If your garden is like mine, peppers are thriving while most everything else is on its last legs. The triple-digit heat is deadly to most spring and early summer vegetables.

Once temperatures exceed 95 degrees, pollen dies and vegetables don’t grow much. So, other than waiting until early fall, consider a “monsoon planting” when the rainy season hits. August is an excellent time for several summer vegetables to take advantage of the rain and higher humidity of monsoon season.

A monsoon is a persistent wind pattern caused by hot air that shifts direction between seasons. This shift in weather transports moisture from the tropical South Pacific up through western Mexico. Thunderstorms during the summer can contribute to more than half the area’s annual precipitation.

Preparing for the additional wind and water is vital. Monsoon rains are often intense but brief. If you have a collection system, you can harvest the additional rainfall. I hope to add a rainfall harvesting system soon.

Prepare your trees, plants, and any structures in the garden for the monsoon season. Trim your desert trees during late June. Thin an abundance of new growth on deciduous fruit trees so the wind can blow through them. Water your trees deeply to encourage a robust root system and remove trees weakened by pest or diseases. Prevent wind damage in your garden by staking tall plants. Tie your plants to supports loosely to allow for movement, but prevent the crop from breaking off or falling.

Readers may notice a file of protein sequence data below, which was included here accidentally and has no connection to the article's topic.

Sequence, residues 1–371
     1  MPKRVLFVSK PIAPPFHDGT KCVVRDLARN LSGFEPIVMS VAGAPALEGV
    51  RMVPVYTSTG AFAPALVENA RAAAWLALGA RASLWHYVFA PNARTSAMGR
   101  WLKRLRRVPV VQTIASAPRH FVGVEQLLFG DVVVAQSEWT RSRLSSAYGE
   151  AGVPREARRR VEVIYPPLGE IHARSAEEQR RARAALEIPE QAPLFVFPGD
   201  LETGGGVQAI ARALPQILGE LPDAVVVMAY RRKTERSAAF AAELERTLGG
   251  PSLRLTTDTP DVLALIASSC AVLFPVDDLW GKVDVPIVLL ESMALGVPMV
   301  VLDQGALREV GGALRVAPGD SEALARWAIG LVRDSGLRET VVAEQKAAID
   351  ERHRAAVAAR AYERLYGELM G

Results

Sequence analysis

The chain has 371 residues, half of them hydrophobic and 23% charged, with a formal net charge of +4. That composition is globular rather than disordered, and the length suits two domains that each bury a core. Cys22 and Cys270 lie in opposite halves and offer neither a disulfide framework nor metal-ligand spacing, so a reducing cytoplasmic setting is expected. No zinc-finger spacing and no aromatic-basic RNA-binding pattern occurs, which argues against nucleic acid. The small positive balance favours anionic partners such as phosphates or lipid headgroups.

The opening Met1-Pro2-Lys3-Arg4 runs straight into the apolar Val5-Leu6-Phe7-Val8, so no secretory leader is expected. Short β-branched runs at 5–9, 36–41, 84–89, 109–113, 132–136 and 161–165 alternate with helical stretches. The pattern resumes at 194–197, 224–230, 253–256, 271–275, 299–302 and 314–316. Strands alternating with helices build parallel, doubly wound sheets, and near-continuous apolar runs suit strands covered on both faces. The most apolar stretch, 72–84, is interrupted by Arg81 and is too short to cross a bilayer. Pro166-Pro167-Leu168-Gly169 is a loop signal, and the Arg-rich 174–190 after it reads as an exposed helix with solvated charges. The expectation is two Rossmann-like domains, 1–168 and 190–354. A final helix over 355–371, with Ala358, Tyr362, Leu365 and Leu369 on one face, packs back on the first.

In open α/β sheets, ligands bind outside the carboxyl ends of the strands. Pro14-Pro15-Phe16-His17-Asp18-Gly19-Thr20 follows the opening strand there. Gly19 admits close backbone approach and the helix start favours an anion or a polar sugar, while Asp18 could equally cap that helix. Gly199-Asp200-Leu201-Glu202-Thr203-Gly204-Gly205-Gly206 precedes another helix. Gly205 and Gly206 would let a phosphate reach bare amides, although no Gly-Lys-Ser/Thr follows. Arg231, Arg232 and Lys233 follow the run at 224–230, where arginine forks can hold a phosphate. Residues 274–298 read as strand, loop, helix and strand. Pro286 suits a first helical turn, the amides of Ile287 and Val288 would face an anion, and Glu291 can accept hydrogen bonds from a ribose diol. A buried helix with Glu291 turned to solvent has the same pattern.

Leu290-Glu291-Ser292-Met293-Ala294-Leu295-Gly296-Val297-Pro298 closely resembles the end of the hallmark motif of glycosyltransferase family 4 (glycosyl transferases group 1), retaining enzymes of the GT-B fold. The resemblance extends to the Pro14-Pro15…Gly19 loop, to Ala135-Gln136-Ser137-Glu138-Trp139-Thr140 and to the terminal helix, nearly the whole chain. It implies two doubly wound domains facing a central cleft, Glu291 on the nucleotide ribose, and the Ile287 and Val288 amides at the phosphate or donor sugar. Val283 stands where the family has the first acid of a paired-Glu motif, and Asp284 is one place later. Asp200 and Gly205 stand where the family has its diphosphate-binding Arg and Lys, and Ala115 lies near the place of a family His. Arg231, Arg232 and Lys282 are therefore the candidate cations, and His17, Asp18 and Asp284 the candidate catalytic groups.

As far as what to plant and when:

  • Plant pumpkins, winter squash and black-eyed pea seeds through Aug. 15.
  • Plant transplants of tomatillos and tomatoes.
  • Provide shade for newly planted tomatoes if possible.
  • Plant bean, corn, carrot and green onion seeds all month long.
  • Check irrigation systems to ensure they’re working properly.
  • Move planters and potted plants into shadier areas to prevent sun scalding.
  • Planting conditions may be right any time from mid-July through the end of August. Each year is different and there are no guarantees. Look at the weather — if it’s over 110 degrees, wait. Nothing likes it that hot.
  • Look at the forecast and if there’s a cool front coming in, choose that time to plant. Take the necessary time to harden off transplants before planting. If done right, it can take up to two weeks. Plant transplants in the evening to let them settle in overnight.
  • Baby new plantings for the first couple of weeks and provide additional shade and water as needed. Plant seeds a little deeper as the soil is cooler. Mulch newly planted seeds lightly to help preserve moisture.

Al Brandenburg, Pinal County Master Gardener



This story was first published in the August edition of InMaricopa Magazine.